By Steve Umidha
Kenyan tech startups are eying a slice of the US$225 million venture capital by the International Finance Corporation (IFC) to scale up their operations.
Announced yesterday, the new venture capital platform will back early-stage developments of Fintechs in key markets predominantly in Africa with Kenya as a key beneficiary target where most technology firms are domiciled.
It comes as a relief for fintech founders who have had to contend with the devastating financial constraints from the Covid-19 pandemic, coupled with the war in Ukraine, with most having to lay off or temporarily shut down operations.
“IFC’s Venture Capital Platform will help tech companies and entrepreneurs to expand during a time of capital shortage, creating scalable investment opportunities and backing countries’ efforts to build transformative tech ecosystems,” said Makhtar Diop, IFC’s managing director in a statement.
Adding, the kitty will also strive to help develop homegrown innovative solutions that are not only relevant to emerging countries but can also be exported to the rest of the world
Kenya has an estimated 56 local-based Fintech companies whose successes are being fueled by increasing smartphone ownership, declining internet costs, and expanded network coverage, as well as a young, fast-growing, and rapidly urbanizing population.
Access to capital has been worsened by a slowdown in global venture capital investment, the COVID-19 pandemic, the rise in food and supply chain costs, higher interest rates, and currency depreciation also limiting the firms’ expansion ability.
The new platform adds to IFC’s Startup Catalyst Program, which is also part of its investments and efforts to tap tech ecosystems in Africa, the Middle East, Central Asia, and Pakistan. It has so far made direct investments in Twiga Foods, a Kenyan technology food distribution platform among other brands.
Kenya’s capital, Nairobi, is today known as a “Silicon Savannah” due to its strong tech ecosystem, acting as a regional hub, with several multinationals specifically in the tech and fintech sphere, making strong investments in the country in recent years. This has boosted foreign direct investment (FDI).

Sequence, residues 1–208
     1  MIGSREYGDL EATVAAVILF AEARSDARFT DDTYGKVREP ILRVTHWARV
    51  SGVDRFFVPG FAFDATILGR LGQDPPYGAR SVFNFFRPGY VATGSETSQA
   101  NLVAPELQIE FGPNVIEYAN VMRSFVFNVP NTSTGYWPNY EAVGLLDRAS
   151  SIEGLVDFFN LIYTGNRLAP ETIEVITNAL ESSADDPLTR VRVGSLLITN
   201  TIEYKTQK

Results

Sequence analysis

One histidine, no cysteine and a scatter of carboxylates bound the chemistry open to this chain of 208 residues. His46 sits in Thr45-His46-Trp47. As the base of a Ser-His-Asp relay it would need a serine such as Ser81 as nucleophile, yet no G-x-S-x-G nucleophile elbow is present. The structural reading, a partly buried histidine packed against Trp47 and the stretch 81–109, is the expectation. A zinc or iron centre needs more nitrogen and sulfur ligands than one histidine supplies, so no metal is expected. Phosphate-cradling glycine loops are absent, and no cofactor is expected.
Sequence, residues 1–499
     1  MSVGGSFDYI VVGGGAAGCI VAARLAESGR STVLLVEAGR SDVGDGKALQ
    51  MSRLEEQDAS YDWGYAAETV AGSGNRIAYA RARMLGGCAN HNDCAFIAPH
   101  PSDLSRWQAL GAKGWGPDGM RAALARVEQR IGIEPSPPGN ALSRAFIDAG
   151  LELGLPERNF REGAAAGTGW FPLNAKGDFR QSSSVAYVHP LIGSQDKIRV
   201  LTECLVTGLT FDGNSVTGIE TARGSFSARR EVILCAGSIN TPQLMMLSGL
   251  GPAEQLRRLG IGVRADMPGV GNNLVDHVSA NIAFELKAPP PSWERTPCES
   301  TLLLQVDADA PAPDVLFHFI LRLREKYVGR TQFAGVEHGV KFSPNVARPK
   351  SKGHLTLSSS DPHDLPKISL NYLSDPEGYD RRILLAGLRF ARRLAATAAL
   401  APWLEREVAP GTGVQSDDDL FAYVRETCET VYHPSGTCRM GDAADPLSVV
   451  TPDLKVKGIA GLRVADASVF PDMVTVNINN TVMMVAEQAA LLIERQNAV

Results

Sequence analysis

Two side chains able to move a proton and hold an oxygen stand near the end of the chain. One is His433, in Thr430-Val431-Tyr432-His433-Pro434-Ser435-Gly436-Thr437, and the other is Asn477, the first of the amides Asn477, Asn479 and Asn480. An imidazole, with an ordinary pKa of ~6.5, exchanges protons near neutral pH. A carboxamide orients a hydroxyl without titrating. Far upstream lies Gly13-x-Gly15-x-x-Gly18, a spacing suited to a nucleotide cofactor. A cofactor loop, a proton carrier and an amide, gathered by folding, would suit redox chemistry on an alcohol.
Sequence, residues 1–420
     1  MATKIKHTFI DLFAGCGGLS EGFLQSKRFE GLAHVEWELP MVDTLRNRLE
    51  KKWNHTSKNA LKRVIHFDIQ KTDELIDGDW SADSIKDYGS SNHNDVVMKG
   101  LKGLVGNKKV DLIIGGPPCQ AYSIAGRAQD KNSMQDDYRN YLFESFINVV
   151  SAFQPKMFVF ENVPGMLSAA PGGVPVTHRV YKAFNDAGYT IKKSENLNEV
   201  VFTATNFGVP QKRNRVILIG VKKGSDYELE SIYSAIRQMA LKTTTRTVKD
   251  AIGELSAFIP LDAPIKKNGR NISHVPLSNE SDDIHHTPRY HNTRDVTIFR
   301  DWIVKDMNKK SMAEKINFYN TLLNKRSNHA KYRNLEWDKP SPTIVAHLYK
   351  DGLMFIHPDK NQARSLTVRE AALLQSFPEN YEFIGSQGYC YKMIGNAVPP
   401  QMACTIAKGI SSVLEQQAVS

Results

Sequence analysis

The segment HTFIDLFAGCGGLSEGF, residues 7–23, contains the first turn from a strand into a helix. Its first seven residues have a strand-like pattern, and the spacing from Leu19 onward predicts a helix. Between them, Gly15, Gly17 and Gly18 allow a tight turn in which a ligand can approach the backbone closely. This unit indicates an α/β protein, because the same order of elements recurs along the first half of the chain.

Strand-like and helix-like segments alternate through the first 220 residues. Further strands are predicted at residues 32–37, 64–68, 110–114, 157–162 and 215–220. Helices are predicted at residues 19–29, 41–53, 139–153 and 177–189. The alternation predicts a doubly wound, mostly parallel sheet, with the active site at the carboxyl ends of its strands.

Multinationals like Microsoft and Visa for instance have made commitments to the country, with the former announcing a new office for its African Development Centre (ADC). Nairobi will also be hosting a first for Africa – the Microsoft Africa Research Institute (MARI). Visa also launched its first innovation hub in Africa – the Visa Innovation Studio.
The latest McKinsey report shows that revenues generated by fintech startups will grow eight times to US$ 30 billion by 2025, as users find digital finance solutions more and more convenient – and cheaper – when seeking credit, making purchases, settling utility bills, and managing expenses, compared to traditional financial services.
The IFC said Wednesday that it will also rally for more capital from other development institutions and the private sector. It has so far received an additional $50 million backing from the Blended Finance Facility of the International Development Association’s Private Sector Window, which de-risks investments in low-income countries, Kenya included.
It is estimated that in 2021, small and medium enterprises in Kenya had an estimated credit demand of US$1.1 billion, with a combined value of MSE and low-income consumer credit disbursed in Kenya in 2021 to be about US$40 billion.
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